Harjinder Dhudwal of Surrey was sentenced on August 30, 2017, in the Provincial Court of British Columbia, to a Conditional Sentence Order of 15 months and a fine totalling $129,750, after pleading guilty to income tax evasion under the Income Tax Act.
SURREY –An Indo-Canadian man from Surrey has been sentenced for tax evasion on failing to disclose real estate and rental income.
The Canada Revenue Agency (CRA) said this week that Harjinder Dhudwal of Surrey, British Columbia, was sentenced on August 30, 2017, in the Provincial Court of British Columbia, to a Conditional Sentence Order of 15 months and a fine totalling $129,750, after pleading guilty to income tax evasion under the Income Tax Act.
A CRA investigation revealed that, Dhudwal willfully contravened the Income Tax Act by failing to report business income and taxable capital gains earned from buying and selling real estate in the Greater Vancouver area on his 2007 to 2011 personal income tax returns.
Dhudwal also failed to report rental income earned from his properties for the 2007 to 2011 tax years.
The preceding information was obtained from the court records.
When taxpayers are convicted of income tax evasion, they must still repay the full amount of taxes owing, plus interest and any civil penalties that may be assessed by the CRA. In addition, the court may fine them up to 200% of the taxes evaded and impose a jail term of up to five years.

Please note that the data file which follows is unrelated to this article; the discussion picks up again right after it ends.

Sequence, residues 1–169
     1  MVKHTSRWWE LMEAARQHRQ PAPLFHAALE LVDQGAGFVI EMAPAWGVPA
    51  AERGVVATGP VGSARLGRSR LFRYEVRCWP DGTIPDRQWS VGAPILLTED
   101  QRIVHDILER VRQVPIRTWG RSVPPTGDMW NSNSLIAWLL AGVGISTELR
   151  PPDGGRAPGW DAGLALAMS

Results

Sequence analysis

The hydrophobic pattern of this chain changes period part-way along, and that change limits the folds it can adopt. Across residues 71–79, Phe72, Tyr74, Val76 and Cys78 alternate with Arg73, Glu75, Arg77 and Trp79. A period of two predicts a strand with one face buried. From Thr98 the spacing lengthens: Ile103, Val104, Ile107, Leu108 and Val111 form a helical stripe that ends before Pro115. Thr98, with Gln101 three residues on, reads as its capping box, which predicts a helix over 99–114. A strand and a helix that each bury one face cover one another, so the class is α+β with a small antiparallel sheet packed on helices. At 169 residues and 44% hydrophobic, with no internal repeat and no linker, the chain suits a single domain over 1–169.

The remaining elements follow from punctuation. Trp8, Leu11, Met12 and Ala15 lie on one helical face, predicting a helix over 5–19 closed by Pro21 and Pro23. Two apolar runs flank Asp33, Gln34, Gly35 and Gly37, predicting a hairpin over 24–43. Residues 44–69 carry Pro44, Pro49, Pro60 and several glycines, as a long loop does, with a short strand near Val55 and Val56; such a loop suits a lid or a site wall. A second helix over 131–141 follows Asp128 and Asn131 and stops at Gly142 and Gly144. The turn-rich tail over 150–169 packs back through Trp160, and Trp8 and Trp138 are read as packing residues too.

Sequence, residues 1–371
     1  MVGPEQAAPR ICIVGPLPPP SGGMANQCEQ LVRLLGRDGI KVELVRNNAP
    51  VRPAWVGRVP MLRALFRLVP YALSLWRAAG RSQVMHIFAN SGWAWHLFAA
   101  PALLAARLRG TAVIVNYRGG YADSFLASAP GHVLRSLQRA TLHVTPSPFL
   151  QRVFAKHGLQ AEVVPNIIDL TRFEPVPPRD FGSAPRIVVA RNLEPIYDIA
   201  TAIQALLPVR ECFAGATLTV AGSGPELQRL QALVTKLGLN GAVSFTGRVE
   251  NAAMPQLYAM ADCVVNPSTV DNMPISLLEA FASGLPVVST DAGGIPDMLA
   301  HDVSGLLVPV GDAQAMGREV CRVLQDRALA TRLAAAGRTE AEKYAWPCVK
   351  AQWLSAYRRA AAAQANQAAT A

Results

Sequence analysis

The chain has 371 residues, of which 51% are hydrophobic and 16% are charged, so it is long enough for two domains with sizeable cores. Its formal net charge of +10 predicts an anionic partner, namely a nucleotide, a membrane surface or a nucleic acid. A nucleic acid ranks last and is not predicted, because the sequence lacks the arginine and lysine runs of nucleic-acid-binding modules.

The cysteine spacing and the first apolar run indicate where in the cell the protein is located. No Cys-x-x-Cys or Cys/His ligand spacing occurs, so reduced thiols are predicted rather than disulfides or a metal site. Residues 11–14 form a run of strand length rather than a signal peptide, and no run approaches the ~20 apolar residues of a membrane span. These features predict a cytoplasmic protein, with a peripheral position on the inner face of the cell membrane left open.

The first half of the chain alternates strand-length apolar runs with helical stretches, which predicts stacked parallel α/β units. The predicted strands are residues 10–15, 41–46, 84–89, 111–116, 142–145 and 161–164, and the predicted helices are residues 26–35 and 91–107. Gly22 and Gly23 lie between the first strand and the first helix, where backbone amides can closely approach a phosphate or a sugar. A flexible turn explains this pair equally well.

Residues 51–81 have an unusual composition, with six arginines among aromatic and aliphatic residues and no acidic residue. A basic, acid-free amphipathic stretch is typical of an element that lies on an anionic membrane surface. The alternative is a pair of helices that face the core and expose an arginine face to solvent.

The CRA regularly monitors tax compliance in real estate transactions. During the period of April 2015 to June 2017, the CRA applied penalties totalling $23.1 million on unreported income from real estate transactions. The highest penalty was almost $2.5 million. In the same period, audit activities in British Columbia focusing on real estate recovered $78.6 million in tax revenue. Details of the CRA’s audit activities can be found at: How does the Canada Revenue Agency address non-compliance in the real estate sector?
If you have ever made a tax mistake or omission, the CRA is offering you a second chance to make things right through its Voluntary Disclosures Program (VDP). If you make a valid disclosure before you become aware that the CRA is taking action against you, you may only have to pay the taxes owing plus interest. More information on the VDP can be found on the CRA's website at www.cra.gc.ca/voluntarydisclosures.
Further information on convictions can also be found in the Media room on the CRA website at https://www.canada.ca/en/revenue-agency/news/newsroom/criminal-investigations-actions-charges-convictions.html.